The lands now under the man-made Lake Sakakawea used to be the most fertile grazing lands in North Dakota. The lands were used by three Indian tribes: The Hidatsas, Mandans, and Arikaras. Thanks to relatively-decent tribal treaties with the US, the access to "the best winter cattle range" in the state meant the tribes were economically self-sufficient. Unfortunately for the tribes, the Army Corps of Engineers — the same crack organization that built the New Orleans levees of Hurricane Katrina fame — decided that all these lands needed to be submerged for few reasons other than to give the Corps of Engineers something to do and a reason to request more taxpayer money. (The feds rather unconvincingly claimed the dam was necessary for flood control and to increase shipping on the Missouri River.) By an amazing coincidence, no towns inhabited by white people were flooded, but the tribes' reservation lands were flooded, including two towns.
The feds proceeded with the same sensitivity with which they savaged the people of the Shenandoah valley. Opponents of the dam were pilloried and called lazy, unpatriotic, and opposed to economic progress. After spending a few billion taxpayer dollars (in 1940s money) and paying a fraction of the market price for lands, the feds gave the tribes some far-less-valuable land. Thanks to the theft of virtually all their most productive lands, the economic self-sufficiency of the tribes has never recovered.
One the other hand, Lake Sakakawea today allows many opportunities for boating and family fun.
Who Controls Federal Lands?
Interestingly, the feds' originally-stated rationale for seizing the lands — economic development — goes right out the window when there's a government shut down. Remember the 2013 government shutdown, when the park service closed up all its parks and sent "park rangers" with assault rifles to shoot anyone who dared walk into these allegedly "public" lands? The feds didn't care then what effect shutting down the parks had on the local economy. When towns in Northern Colorado attempted to open up the closed Rocky Mountain National Park to lessen the impact on the local economy, the feds charged the state over $360,000 for the privilege of having access to the park. Overall, the Rocky Mountain shutdown caused sales tax revenue in just one nearby town to drop by almost a fifth. So, you can guess what that did to revenues of local businesses. That's no problem for the feds, of course, who can print up its own budget shortfalls in dollars in a millisecond, but the whole affair did end up provoking the question of why the feds even need to control the land in the first place. Since the true costs and benefits associated with the park fall on those who live nearby, why not let the locals control it? Or even just the state government? We can guess what the answer to that question is. Federal lands, we'll surely be told, will be federal lands until the sun burns out. Unless, of course, giving the lands away to an interest group helps someone's re-election in DC.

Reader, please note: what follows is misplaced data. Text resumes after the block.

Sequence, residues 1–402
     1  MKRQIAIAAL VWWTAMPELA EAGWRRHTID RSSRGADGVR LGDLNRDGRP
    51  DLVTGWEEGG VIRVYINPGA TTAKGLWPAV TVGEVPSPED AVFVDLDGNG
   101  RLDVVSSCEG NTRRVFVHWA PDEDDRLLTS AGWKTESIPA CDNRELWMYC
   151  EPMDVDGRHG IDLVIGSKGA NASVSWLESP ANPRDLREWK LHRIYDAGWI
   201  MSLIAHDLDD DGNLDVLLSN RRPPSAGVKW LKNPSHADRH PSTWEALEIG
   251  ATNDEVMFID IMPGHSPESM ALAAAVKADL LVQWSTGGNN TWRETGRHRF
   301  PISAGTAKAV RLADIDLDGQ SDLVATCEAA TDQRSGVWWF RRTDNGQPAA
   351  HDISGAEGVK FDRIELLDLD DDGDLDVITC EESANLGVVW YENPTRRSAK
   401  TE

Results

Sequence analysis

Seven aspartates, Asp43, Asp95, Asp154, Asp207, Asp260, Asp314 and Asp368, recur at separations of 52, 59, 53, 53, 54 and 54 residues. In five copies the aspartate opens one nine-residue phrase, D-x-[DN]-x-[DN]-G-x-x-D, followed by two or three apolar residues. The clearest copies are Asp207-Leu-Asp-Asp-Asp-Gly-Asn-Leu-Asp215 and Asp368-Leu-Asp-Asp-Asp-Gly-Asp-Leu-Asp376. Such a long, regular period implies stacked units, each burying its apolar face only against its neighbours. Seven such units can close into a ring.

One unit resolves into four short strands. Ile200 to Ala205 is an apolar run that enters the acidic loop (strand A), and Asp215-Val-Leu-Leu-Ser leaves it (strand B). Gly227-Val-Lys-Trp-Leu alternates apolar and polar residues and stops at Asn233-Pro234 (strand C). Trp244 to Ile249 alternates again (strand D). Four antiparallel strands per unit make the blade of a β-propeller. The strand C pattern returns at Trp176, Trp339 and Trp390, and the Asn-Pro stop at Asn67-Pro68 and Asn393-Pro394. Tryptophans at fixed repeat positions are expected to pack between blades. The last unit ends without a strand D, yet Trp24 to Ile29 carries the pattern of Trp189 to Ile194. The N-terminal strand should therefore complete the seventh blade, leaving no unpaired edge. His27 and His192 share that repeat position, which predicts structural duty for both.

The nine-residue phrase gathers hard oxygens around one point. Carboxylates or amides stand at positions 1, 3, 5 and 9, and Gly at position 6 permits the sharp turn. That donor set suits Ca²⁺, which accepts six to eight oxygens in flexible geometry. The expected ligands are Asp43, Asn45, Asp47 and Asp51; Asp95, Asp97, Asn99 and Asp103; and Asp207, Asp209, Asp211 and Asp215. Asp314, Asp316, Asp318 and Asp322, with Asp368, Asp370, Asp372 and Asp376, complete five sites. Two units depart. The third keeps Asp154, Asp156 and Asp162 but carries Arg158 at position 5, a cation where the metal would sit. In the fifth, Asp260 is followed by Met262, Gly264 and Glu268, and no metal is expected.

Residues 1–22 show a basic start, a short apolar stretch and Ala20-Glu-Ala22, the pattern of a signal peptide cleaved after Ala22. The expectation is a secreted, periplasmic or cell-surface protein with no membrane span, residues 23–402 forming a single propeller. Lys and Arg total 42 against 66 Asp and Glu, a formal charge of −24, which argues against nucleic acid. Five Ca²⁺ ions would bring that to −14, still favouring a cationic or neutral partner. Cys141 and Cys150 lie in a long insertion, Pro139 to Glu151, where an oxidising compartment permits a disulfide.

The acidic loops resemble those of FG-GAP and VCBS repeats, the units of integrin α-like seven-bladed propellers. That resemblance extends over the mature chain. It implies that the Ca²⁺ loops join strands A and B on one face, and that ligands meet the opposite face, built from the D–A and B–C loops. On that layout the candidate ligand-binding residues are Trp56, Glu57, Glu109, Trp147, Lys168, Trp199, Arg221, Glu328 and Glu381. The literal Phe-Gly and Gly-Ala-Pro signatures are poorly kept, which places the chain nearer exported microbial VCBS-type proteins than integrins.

Ryan McMaken (@ryanmcmaken) is a senior editor at the Mises Institute. Send him your article submissions for the Mises Wire and Power and Market, but read article guidelines first. Ryan has a bachelor's degree in economics and a master's degree in public policy and international relations from the University of Colorado. He was a housing economist for the State of Colorado. He is the author of Breaking Away: The Case of Secession, Radical Decentralization, and Smaller Polities and Commie Cowboys: The Bourgeoisie and the Nation-State in the Western Genre.